Roxanne Bodsworth reviews Marietta Elliot-Kleerkoper’s A Perfect Distortion

perfect-distortion

A Perfect Distortion
by Marietta Elliot-Kleerkoper
Translated by Joris Lenstra
Hybrid Books, 2016

The poems in this collection are provided in the original Dutch with an English translation; two languages and cultures that are intertwined in the poet and in the poetry. The mirroring effect of the parallel texts moves the reader beyond English language egocentricity, providing a continual reminder that language is constructed and understood in a variety of ways. There is a visual engagement as well as a cognitive one in sounding out the unfamiliar words (while wishing someone would read them aloud to me) and seeing how they balance in reflection.

Elliot-Kleerkoper has taught languages and been published in Australia and the Netherlands with her first Dutch-English collection, Island of Wakefulness / Eiland van waak zaamheaid, released by Hybrid Publishers in 2006. In this collection, she takes the reader on a stroll with her, frequently with an address to the reader in second person, while pointing out the beautiful details of the world she inhabits.

Terungkerend naar het oppervlak – de spil
Je blik glijdt af naar
de weerspiegeling – het water
als thee die te lang in een pot staat

Returning to the surface – the fulcrum
your gaze travels into
the reflection – the water
like tea too long in the pot

(‘Vier manieren om een vijver te zien /Four ways of looking at a pond’)
Unfortunately some poems are split by pictures and so the mirroring effect is lost. While the pictures support some poems, they simply interrupt others, or seem disconnected. For example, the photo-image of ‘Een perfect vervorming / A perfect distortion’ is many pages later than the title poem that it would otherwise illustrate. When there is a clearer ekphrastic connection, the poem can change the manner of visual perception, such as ‘Waterlelie / Waterlily’:

en als je in zijn diepte staart
zou je ogen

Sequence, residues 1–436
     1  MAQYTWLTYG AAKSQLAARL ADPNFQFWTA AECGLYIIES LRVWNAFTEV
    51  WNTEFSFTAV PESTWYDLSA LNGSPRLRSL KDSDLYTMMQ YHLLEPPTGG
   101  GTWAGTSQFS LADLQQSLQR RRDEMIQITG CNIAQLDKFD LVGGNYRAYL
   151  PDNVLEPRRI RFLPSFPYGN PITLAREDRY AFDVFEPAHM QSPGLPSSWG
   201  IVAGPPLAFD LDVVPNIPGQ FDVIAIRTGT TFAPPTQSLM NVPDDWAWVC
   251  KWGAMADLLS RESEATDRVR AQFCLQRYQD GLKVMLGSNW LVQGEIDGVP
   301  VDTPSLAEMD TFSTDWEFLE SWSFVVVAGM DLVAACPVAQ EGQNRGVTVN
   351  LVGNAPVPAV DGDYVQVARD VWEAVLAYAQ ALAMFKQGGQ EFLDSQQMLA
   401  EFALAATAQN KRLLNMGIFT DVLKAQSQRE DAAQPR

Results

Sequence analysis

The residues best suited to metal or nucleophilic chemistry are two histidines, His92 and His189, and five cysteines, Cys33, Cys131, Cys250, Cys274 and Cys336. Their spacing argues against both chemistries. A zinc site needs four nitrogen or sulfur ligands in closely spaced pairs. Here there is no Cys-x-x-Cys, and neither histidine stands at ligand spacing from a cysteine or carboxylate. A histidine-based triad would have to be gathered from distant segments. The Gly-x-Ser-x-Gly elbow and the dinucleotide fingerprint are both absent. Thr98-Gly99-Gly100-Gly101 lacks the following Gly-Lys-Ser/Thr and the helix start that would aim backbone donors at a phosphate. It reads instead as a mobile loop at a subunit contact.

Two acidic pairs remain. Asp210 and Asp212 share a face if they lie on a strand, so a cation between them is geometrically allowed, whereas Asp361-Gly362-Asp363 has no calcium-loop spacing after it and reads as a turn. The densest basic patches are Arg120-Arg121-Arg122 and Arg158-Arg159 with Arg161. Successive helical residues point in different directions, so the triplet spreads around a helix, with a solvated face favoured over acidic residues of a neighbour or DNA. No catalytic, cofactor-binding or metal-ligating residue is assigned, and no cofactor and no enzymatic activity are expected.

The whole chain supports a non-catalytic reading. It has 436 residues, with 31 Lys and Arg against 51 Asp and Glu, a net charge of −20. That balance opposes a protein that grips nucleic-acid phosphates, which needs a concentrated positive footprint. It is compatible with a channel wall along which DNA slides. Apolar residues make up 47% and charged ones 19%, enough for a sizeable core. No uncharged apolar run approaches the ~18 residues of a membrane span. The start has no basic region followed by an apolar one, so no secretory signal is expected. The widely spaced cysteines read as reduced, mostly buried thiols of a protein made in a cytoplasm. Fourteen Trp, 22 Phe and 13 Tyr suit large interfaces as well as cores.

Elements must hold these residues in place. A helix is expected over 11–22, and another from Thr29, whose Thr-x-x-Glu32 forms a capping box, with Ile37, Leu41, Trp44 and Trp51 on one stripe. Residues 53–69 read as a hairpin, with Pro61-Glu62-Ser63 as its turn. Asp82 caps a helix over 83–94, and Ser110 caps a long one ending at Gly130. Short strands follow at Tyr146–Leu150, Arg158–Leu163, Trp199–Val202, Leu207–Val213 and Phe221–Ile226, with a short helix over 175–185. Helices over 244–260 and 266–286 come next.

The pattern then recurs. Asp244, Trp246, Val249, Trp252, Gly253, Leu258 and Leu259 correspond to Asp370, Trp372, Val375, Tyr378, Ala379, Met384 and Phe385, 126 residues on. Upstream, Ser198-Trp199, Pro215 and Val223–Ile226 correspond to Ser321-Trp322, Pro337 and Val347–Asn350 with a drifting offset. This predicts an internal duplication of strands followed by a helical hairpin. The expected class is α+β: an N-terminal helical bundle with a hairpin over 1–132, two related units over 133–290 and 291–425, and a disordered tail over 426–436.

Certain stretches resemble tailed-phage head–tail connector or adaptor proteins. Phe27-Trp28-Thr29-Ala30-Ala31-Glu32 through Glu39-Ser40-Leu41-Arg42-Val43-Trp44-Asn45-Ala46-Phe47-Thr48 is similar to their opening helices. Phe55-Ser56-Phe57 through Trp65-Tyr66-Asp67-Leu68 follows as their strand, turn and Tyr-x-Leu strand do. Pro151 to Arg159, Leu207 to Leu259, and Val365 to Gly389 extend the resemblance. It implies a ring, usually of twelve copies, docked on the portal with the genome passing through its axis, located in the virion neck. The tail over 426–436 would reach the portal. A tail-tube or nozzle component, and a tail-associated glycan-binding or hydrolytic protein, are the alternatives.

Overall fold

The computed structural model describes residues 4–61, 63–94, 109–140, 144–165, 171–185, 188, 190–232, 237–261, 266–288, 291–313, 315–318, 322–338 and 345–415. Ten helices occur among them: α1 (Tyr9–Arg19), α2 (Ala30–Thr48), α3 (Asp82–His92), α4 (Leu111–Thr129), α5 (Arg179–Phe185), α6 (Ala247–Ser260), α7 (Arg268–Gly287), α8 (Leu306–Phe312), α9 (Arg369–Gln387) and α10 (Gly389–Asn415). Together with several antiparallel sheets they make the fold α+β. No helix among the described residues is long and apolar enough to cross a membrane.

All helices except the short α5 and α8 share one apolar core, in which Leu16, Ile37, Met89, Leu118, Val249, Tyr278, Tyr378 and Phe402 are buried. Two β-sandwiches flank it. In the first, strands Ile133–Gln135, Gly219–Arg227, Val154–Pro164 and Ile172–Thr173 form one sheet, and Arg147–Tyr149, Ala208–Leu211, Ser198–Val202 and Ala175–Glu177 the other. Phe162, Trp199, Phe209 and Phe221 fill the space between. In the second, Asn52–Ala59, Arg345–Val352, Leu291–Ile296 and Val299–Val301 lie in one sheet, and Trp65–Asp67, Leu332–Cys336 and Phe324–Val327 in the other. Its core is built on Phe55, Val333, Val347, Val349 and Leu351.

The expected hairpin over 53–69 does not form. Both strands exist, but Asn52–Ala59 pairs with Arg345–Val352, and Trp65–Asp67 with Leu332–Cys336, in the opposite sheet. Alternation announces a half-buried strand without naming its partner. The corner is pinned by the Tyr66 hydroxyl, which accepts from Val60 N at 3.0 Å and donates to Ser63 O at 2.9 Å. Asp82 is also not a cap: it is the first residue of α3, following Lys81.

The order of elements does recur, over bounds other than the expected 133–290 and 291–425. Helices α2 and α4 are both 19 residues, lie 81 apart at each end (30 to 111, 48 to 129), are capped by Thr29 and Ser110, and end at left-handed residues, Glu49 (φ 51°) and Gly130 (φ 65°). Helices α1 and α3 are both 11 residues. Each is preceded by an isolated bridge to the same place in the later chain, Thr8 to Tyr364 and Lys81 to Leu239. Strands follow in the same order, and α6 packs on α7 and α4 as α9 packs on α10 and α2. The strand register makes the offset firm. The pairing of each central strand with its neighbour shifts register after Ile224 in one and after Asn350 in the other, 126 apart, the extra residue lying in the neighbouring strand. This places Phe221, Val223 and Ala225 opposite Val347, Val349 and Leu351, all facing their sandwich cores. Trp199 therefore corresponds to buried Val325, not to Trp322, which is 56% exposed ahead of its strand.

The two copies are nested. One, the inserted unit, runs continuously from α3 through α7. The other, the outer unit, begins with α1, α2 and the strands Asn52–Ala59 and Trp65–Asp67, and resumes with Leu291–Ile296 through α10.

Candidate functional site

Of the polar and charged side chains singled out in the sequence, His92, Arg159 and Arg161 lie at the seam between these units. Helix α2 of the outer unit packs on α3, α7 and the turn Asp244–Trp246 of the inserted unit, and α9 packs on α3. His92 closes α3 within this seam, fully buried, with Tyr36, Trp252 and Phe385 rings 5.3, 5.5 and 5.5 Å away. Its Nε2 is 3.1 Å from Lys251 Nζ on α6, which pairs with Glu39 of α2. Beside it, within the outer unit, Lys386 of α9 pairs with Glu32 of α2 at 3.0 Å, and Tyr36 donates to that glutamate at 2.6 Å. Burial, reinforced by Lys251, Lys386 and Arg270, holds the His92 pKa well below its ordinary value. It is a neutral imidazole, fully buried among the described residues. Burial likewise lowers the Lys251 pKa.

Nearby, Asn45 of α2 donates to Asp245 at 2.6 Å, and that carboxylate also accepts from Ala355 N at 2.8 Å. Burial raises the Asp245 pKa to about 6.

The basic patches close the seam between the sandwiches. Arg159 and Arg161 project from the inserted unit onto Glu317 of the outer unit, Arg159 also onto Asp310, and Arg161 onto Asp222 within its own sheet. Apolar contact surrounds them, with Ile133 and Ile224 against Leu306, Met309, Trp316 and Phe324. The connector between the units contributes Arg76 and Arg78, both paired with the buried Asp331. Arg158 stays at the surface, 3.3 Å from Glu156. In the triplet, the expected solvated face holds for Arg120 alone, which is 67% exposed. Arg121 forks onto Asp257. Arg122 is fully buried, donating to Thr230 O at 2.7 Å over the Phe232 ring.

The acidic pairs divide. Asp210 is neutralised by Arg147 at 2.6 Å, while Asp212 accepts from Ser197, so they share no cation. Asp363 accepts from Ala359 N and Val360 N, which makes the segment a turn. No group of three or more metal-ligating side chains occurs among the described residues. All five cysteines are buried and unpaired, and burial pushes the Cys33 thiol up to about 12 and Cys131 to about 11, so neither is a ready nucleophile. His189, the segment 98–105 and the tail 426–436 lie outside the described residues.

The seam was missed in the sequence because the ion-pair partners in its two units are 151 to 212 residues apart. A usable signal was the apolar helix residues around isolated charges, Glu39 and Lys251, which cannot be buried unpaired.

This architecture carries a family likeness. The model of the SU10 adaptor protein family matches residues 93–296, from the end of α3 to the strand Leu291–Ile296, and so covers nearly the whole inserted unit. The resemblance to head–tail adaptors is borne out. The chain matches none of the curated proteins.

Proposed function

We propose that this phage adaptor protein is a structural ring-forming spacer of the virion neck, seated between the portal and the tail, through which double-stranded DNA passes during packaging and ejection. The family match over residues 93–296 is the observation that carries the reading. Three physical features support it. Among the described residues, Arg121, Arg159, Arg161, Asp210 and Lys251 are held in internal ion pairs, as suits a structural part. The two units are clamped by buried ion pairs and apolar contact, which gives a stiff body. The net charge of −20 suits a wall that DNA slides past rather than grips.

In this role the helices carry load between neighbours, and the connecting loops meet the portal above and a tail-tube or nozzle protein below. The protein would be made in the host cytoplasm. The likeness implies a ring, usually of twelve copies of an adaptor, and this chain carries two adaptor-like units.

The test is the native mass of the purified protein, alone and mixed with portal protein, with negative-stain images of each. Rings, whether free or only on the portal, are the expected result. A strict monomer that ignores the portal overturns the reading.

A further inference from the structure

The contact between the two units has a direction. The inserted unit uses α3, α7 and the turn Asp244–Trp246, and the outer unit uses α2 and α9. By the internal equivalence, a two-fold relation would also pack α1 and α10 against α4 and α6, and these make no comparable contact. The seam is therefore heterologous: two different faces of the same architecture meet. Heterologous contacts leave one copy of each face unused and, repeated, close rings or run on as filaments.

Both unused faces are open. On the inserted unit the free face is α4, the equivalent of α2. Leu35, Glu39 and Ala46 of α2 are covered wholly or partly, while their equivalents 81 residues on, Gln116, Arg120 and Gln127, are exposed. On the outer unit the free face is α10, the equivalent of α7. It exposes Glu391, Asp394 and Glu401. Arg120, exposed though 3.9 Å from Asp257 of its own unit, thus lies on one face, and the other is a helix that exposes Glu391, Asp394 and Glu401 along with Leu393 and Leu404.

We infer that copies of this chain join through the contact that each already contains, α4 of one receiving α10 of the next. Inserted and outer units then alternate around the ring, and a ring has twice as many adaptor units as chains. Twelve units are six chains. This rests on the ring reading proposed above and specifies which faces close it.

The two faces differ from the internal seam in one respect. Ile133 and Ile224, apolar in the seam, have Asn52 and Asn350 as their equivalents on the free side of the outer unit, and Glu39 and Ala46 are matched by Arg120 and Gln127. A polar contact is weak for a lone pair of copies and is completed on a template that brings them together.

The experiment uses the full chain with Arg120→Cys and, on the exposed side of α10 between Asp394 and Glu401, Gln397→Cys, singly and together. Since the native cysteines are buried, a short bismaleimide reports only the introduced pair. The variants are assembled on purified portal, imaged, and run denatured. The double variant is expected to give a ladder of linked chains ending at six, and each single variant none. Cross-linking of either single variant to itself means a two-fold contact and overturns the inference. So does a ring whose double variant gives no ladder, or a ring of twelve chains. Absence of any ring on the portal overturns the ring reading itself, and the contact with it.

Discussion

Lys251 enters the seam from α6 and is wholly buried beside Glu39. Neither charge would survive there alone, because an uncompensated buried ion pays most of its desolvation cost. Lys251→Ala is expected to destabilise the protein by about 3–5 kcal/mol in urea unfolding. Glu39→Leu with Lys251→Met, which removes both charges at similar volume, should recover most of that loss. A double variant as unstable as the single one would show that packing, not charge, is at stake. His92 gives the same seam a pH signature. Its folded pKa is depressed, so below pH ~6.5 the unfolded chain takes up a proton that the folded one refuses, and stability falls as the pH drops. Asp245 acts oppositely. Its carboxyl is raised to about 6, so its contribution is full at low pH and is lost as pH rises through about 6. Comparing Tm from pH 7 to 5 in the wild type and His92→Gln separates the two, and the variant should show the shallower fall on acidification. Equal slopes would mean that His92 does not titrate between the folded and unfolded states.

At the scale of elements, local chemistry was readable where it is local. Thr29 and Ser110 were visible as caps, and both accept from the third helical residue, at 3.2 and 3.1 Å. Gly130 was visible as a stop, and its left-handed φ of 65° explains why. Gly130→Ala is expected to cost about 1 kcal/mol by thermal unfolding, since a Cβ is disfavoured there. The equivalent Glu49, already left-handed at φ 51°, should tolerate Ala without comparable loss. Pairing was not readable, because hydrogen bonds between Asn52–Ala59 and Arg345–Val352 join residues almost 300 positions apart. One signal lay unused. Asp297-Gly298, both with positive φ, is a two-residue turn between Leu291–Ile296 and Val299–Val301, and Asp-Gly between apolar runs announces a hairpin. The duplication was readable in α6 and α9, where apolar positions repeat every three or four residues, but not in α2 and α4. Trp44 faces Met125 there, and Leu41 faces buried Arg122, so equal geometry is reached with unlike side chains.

zien – goedaardige kleine ogen die terugkijken
oogjes van kleine visjes. Ze zullen jou voeden

zolang jij ogen hebt
om mee te zien

and if you stare into its depths
you’ll see

eyes – benign little eyes looking back at you
eyes of little fishes. They’ll nourish you

as long as you have eyes
to see
There is a careful attention to the arrangement of words and space in Elliot-Kleerkoper’s poetry, a meditative precision to her language. She leaves space for breathing between the images, enhancing their meditative quality.

een vlinder vast
in de heldere

lucht

a butterfly held
in the transparency

of air

(‘Vlinder’ / ‘Butterfly’)
This style of poetry Elliot-Kleerkoper does very well, far better than the formalistic requirements of the pantoum in ‘Hun eigen perfectie / Their own perfection’, which rather seems awkward and weighty in the midst of all the lightness conveyed by the rest of the collection. There are moments of shadow, such as her ‘Ode’, addressed to the ‘noble adversary’ of ‘Pain,’ where the couplets hammer in the effect just as the experience does.

Jij hebt me verrast
mijn nacht geroofd

en mijn onderwerping
aan jouw heerschappij afgedwongen

You surprise me
thieving my night

force me to submit
to your regime

There are times when the writing can become overly descriptive, lacking in depth, like skimming the surface of the water that is present in so many of her poems. The long poem, ‘Seizoenen, Darebin Parklands / Seasons, Darebin Parklands’, often seems merely observational:

LENTE

I
Eenden scharrelen rond
in het witte schuim
tussen groene algen

Op een bank heeft een man
één witte en één groen sok aan

SPRING

I
Ducks fossicking
in white scum
and green algae

On a bench, a man wearing
one white sock and one green sock
When the poetry is more than descriptive, capturing an idea as well as an engagement with the physical world, it captures the reader as well. ‘Het idee van een roos /The idea of a rose’ describes the transience of beauty:

Wat had ze graag
die roos geplukt
achter het hek

in een alledaagse tuin

maar ze kon het patron
van de regendruppels
niet onthouden

hoe het avondlicht
opgevangen werd

She would have liked
to pick the rose
behind the fence –

in an ordinary garden

but she couldn’t preserve
the way raindrops
were scattered

how they caught
the evening light
Mostly, these are gentle poems without harsh edges, confronting images or difficult twists. They provide an opportunity to join with Elliot-Kleerhopper in discovering the beauty of the natural world and using that as a way to carry on through the pain. And to very simply appreciate the crafting of words in two languages that echo and enhance each other.

*Roxanne Bodsworth (the proper name of the poet published as ‘Therese’) lives on a sheep farm in North East Victoria, is undertaking her PhD at Victoria University, and working as a celebrant in her spare time. Her verse novel, The Tangled Web, was published in 1989 by Openbook Publishers, and her non-fiction book, Sunwyse – celebrating the Wheel of the Year in Australia, in 2003 by Hihorse. Widely published in a range of genres, writing keeps her sane (almost).

**Taken from Cordite Poetry Review at http://www.cordite.org/au

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